Loss of a legend

TERRY JONES -- Sun Media

, Last Updated: 8:58 AM ET

BILLY WARWICK: 1924-2007

When it's time for the national anthem at tonight's opener of a new Oiler season, a moment of silence will be asked for a man most of today's players probably never heard of before.

The year 1955, when he was a household name in Canada, was a long time ago.

But if they listen to the words of the P.A. announcer, maybe today's players will understand why they are being asked to remove their helmets a few seconds early:

"Hockey fans, tonight, as we prepare to sing the national anthem, we take the chance to recognize the passing of one of Edmonton's hockey legends," the announcement will begin.

'PASSION FOR HOCKEY'

"Billy Warwick had a passion for hockey every day of his life. He was a star player from an athletic family. He coached the Edmonton Oil Kings for a time, then served as a colourful colour commentator on Oil King, Oilers, and other sports broadcasts while developing the famous Edmonton publication Billy's Guide and patrolling the sports press boxes in Edmonton for 50 years.

"Before we remove our hats and proudly sing the national anthems - we pause to salute the passing of a wonderful Edmonton sportsman - Billy Warwick."

Warwick died of heart failure at 5 a.m. yesterday at the Glenrose Hospital.

He was 83. And he was, indeed, one of the most colourful men ever to grace the Edmonton sports scene.

"We've lost a lot of them lately," said CHED's Bryan Hall, who had a long run with Jackie Parker as his colourman for football games and Warwick on his Edmonton Flyer and junior Oil King hockey broadcasts.

"True characters," said Hall.

"Jackie. Bill Hunter. Wes Montgomery. Jack Berry. Waldo Ranson ... we've lost a lot of them these past few years.

"Billy, (and his brothers) Grant and Dickie opened Warwick's Fine Foods, forerunner of a sports bar in the 50s," Hall remembered of the place which was said to be the first bar to have live nightly entertainment.

"Everybody in Edmonton knew Billy. He wore a tweedy hat and a three-quarters topcoat and was kind of a Columbo-type of guy.

"When he worked the broadcasts with me, it was like listening to him talk on the street. He had an opinion on everything and and laughed all the time.

"When I visited him in the hospital he even made fun of his heart only working at 25% efficiency.

"You couldn't have a conversation with Billy without him laughing."

Billy and the Warwick brothers became household names in Canada in 1955.

The year before, the Russians had won their first World Hockey Championship. The Penticton Vees, starring Billy, Grant and Dick, won the Allen Cup and the right to represent Canada in the '55 world championships in Germany.

RECLAIMED TITLE

They reclaimed the world title for Canada, if ever so briefly, by winning all eight games with a goal differential of 66-6.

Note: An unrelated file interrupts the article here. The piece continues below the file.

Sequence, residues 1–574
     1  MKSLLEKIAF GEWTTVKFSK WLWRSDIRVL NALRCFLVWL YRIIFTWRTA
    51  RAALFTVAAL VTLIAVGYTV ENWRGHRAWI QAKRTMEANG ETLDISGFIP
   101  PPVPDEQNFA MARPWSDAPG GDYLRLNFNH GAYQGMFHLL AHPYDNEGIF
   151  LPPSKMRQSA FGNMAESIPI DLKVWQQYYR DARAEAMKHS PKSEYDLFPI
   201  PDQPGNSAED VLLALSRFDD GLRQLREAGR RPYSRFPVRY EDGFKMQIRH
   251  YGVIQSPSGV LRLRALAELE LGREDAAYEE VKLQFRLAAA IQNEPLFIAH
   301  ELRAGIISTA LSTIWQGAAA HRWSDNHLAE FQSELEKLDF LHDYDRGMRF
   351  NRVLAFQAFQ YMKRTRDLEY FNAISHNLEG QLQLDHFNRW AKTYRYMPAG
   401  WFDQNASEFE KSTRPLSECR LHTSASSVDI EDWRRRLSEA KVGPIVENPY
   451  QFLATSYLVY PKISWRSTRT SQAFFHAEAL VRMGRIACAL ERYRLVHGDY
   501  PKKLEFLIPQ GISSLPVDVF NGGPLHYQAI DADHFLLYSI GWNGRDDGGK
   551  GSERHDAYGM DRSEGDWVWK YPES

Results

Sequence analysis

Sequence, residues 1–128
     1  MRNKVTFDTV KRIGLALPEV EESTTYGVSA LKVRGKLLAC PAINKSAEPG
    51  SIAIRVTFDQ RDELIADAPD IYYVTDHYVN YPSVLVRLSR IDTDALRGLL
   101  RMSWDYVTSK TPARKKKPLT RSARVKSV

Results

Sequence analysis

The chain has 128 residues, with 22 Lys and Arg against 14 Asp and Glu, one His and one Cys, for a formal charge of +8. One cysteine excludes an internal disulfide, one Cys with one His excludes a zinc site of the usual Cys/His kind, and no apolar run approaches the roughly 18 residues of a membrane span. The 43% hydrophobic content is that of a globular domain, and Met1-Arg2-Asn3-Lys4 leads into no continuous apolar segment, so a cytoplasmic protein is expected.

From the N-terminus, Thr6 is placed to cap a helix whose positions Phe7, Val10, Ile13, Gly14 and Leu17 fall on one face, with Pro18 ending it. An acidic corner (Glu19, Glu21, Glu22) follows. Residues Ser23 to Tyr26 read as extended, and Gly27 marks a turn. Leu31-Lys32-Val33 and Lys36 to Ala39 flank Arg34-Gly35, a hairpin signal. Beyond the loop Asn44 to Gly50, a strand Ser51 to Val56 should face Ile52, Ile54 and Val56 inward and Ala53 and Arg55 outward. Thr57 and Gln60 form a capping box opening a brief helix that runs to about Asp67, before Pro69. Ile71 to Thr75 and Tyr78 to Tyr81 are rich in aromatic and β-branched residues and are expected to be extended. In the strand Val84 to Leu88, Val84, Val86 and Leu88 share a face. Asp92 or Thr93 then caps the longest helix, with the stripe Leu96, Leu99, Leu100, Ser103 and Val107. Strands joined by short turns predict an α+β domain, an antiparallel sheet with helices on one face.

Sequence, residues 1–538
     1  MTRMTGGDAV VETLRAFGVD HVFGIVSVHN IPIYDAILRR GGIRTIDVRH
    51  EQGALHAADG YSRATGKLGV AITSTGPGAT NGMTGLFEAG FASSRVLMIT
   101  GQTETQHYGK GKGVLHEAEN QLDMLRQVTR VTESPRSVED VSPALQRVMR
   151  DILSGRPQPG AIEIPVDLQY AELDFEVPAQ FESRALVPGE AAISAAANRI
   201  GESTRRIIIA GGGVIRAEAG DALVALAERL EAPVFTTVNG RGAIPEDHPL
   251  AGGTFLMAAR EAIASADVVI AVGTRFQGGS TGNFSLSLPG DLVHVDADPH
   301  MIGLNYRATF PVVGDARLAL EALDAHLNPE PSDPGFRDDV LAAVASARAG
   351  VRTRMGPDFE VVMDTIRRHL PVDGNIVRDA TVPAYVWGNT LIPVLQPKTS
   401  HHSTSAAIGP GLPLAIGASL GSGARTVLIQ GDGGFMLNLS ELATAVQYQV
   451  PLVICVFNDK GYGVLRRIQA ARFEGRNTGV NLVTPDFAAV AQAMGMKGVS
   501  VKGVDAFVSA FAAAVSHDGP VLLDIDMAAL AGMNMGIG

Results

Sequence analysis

Billy scored 14 goals and seven assists.

"He led the team and the tournament. Dad never mentioned it but I know he always followed it every year after that and I know he was pretty proud of it," said son Bill Jr.

"I remember he thought it was quite something that even Wayne Gretzky never broke his record. Gretzky had 20 points in one of the Canada Cups."

Warwick made big news in Canada many years later when he produced the trophy they won in 1955.

When the Russians won the title the following year, Warwick didn't want to give it back so he had a replica made to ship them.

A former New York Ranger, Warwick was a longtime pro boxing referee, once owned the Sherwood Park Crusaders of the AJHL and was heavily involved in minor hockey in the Edmonton bedroom community.

He published Billy's Guide, an entertainment and restaurant magazine, for 28 years. Ironically, he started the publication from his hospital bed while recovering from double bypass surgery after having had a heart attack.

Brother Dick, now of Victoria, has become the last living member of the sporting family of 10 kids which included sister Millie, who last November passed away as well.

Millie played for the Rockford Peaches in the wartime women's baseball league made famous by the movie League Of Their Own. She's in Cooperstown, in the Baseball Hall of Fame, with that group.

Millie married Ranger goaltender Ken McAuley of Edmonton. His claim to fame was playing the entire 60 minutes in goal of a 15-0 loss to the Detroit Red Wings one night. After the game Billy Warwick presented him with the goal light.

Billy Warwick lit the lamp a lot in his days. And he brought a great deal of light into a great many people's lives in the time since. He deserves the moment of silence in a big-league hockey arena to reflect on the life and times of a true Edmonton sports legend.


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